Page:Popular Science Monthly Volume 58.djvu/624

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THE recent successful trips of the Zeppelin airship make it appropriate to review and illustrate some of the less known attempts at aerial navigation. Somewhat similar in plan to Count von Zeppelin's enormous airship is the dirigible flying-machine shown in Fig. 1, with which at various times during 1897 and 1898 Dr. K. I. Danilewsky, of Charkov, Russia, made excursions. The object of making the balloon sausage-shaped was, of course, that its forward end might be brought toward the wind, and then, with the nose pointed upwards, as in the illustration, its under surface served somewhat as that of a kite. The wings were made about twelve feet in length, and it was found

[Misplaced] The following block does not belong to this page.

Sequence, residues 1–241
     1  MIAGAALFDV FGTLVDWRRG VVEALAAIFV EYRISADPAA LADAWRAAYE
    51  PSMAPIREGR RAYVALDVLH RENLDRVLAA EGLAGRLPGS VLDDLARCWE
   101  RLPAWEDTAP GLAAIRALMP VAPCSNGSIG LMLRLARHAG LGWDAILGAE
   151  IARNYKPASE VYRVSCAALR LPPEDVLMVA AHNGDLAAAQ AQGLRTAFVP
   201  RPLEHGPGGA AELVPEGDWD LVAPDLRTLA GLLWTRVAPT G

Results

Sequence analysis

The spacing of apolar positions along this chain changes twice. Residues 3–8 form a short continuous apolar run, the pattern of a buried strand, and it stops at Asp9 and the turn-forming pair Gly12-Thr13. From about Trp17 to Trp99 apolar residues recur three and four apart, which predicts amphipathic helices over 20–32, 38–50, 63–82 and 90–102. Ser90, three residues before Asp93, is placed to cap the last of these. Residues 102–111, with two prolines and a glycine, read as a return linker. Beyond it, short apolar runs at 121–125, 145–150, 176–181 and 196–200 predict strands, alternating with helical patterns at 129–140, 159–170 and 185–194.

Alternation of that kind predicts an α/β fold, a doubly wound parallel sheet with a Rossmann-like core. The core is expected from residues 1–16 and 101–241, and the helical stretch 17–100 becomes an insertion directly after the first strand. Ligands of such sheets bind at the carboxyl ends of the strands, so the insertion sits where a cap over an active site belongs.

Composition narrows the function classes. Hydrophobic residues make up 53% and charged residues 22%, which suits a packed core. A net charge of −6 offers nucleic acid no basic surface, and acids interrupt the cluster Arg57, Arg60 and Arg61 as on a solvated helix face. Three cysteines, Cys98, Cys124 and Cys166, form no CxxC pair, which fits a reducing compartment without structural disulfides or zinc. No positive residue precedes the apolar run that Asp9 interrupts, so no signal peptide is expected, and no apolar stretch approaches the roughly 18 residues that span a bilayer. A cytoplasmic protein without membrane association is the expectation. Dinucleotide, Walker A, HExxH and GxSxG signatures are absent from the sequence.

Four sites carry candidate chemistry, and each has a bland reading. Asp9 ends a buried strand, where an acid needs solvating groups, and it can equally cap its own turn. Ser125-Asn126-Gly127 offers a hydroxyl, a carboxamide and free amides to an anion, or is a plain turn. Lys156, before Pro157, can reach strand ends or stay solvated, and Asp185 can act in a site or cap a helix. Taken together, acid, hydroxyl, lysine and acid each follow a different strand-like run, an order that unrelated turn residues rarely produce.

PSM V58 D624 Danilewsky dirigible balloon.png
Fig. 1. Danilewsky's Dirigible Balloon.

possible to handle them so as to turn the balloon entirely around in the air. and also to keep it practically stationary in a moderate breeze.

M. de Santos Dumont has sailed about the Eiffel Tower in Paris in the dirigible balloon shown in Fig. 2. It was 65 feet long. 25 in diameter and contained 17,658 cubic feet of gas. He used a small petroleum engine for controlling the rudder and aeroplane. The reports are that he was able to navigate very much at will. Fig. 3 is another form of dirigible balloon tried by M. Dumont. This was also reasonably successful.

Fig. 4 represents a machine designed by Frederick P. Merritt, with windmill sails below and on both sides of his balloon, and a mechanism for feathering them in such a manner as to drive the craft either forwards or backwards.